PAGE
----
Even with every precaution, things still happen. Zona recalls walking through a gallery one morning, only to find that part of Robert Vonnoh’s 1892 painting “In Flanders Field” had detached from the canvas and fallen to the floor. In a situation with something as serious as that, the museum enlists the aid of the McKay Lodge Art Conservation Laboratory in Oberlin.

“We had to ship it to them in a climate-controlled vehicle with a special ride so there was no further damage. They worked on it for the better part of a year,” he recalls.

Among the restoration work done by the laboratory, which the Butler has worked with since 1982, was repainting damaged portions of the work and replacing the original varnish with a new acrylic varnish.

“It’s now in wonderful condition and should last a couple more generations before it needs work again,” Zona says.

“Everything that humans create turns to dust. Canvasses rot away. The stretcher that holds the canvas can weaken. The mission of a museum is to protect them for future generations as best we can.”

That mission can extend beyond the Butler’s walls. Every year, the museum organizes about 30 traveling exhibitions, sending some its works to other institutions. Getting the pieces there, notes traveling exhibition registrar Zach Repphun, isn’t as simple as putting a piece on a FedEx truck.

Pictured: As traveling exhibit registrar, Zach Repphun oversees the details of sending off artwork.

“I put a list together, get the dimensions for crates, set up the logistics, get certificates of insurance,” he says of his duties. “Once the items get here, you have to do condition reports and make sure everything’s in the order it got shipped out.”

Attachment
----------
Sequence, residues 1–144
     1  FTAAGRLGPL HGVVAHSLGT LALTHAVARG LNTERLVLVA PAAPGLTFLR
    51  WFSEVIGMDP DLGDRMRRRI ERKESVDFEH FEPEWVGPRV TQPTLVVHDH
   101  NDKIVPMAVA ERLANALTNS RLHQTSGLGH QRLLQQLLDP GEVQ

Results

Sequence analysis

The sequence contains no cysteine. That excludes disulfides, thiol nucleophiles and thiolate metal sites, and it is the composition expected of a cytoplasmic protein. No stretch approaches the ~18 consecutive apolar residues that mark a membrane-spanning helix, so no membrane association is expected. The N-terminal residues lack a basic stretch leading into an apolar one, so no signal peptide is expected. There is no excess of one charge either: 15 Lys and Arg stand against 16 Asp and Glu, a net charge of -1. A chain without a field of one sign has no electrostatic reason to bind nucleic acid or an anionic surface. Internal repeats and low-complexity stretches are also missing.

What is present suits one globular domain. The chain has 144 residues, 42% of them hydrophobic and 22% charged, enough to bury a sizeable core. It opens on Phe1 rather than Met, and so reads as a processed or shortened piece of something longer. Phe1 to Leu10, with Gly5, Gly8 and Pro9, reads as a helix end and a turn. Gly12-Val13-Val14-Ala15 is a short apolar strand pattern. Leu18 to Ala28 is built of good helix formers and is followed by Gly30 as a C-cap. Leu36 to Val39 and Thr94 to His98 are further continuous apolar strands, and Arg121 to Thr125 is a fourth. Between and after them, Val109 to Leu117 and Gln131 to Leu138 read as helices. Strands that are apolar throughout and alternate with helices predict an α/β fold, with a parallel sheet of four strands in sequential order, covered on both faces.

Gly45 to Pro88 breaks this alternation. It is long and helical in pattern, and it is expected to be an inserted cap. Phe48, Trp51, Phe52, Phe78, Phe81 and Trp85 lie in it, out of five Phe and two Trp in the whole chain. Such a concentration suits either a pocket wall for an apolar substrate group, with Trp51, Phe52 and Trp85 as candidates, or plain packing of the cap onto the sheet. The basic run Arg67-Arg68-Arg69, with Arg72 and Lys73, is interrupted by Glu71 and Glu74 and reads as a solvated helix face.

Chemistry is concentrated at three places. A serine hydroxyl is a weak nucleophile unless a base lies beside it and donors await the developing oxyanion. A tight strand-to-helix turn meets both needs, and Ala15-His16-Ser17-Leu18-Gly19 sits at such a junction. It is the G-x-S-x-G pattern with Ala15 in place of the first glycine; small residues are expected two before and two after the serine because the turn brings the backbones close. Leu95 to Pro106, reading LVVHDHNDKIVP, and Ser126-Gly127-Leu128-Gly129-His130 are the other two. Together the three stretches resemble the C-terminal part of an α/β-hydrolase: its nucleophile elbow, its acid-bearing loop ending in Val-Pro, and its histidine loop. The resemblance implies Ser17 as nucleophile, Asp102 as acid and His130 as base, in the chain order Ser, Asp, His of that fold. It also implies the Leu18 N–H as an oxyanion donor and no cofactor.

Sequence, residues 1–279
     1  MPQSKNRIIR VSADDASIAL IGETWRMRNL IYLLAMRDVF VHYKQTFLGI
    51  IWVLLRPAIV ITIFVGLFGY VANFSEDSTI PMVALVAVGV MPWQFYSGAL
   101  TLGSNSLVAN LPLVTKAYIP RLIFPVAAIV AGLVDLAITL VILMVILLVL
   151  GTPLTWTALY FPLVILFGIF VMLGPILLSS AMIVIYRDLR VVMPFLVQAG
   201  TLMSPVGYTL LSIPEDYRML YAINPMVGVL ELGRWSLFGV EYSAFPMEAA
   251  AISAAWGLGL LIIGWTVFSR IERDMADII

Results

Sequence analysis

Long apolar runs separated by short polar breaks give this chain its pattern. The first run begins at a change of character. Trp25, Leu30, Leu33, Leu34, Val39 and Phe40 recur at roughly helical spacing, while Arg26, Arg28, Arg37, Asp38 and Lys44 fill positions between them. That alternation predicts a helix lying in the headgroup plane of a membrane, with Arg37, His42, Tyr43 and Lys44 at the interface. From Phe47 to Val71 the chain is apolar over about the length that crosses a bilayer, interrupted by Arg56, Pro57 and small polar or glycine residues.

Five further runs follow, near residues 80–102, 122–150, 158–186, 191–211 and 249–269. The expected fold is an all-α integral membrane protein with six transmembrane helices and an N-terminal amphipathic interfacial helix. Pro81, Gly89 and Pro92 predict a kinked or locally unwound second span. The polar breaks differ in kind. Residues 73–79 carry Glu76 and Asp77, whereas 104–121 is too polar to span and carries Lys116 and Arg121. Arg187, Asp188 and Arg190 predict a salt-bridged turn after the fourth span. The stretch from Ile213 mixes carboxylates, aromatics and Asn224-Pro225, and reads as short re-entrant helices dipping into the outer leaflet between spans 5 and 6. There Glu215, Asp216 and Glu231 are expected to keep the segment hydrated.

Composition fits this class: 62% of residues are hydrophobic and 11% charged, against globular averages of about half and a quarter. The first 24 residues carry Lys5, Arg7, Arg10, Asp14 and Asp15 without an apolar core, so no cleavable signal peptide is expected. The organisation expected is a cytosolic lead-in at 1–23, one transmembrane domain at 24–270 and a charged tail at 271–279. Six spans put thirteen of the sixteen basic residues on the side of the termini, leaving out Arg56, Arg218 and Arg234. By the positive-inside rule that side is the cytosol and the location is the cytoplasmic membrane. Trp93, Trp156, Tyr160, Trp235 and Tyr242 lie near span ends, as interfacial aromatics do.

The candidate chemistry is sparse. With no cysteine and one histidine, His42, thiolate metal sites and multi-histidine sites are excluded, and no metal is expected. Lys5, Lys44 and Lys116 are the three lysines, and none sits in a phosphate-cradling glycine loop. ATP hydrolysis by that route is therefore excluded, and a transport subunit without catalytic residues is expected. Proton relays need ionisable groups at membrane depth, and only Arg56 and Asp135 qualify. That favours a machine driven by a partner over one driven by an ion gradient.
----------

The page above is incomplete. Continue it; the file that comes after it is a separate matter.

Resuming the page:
For inbound works, some museums may require the piece be sent with a courier who stays with the work from the time it gets on a truck to the time it’s installed at the Butler.

Such transportation isn’t cheap, either. Crates that are specially built to hold certain pieces can cost as much as $3,000 apiece.

“There are fine-arts shippers, sometimes using exclusive trucks,” Repphun adds. “We have to discuss loan agreements with security because we may need to have a guard in [a gallery] or we may need a camera on a piece specifically.”

For as extensive as the collection of artwork at the Butler Institute is, it isn’t the only thing in the museum’s collection. Over the past 16 years, McCormick, Repphun and the other registrars have been working to catalog the correspondence of museum founder Joseph Butler Jr., articles about the Butler and official records from the museum’s administration.

“There really should be digital copies of everything, but we didn’t believe in standardized forms, so a lot of these don’t fit on the scanners,” he says with a laugh. “I just finished scanning all the newspaper articles about the museum from 1903 to 2018. That was 11,300-and-some scans.”

And all of the items in the collection are a priority, whether they’re paintings or minutes from a 1929 meeting.

“Part of the idea of conservation is preservation,” Zona says. “Every time I walk through a gallery, I make sure to look at the works to make sure they’re holding up.”

Pictured: By registrar Pat McCormick’s count, there are 22,383 works in the Butler’s collection.

Copyright 2022 The Business Journal, Youngstown, Ohio.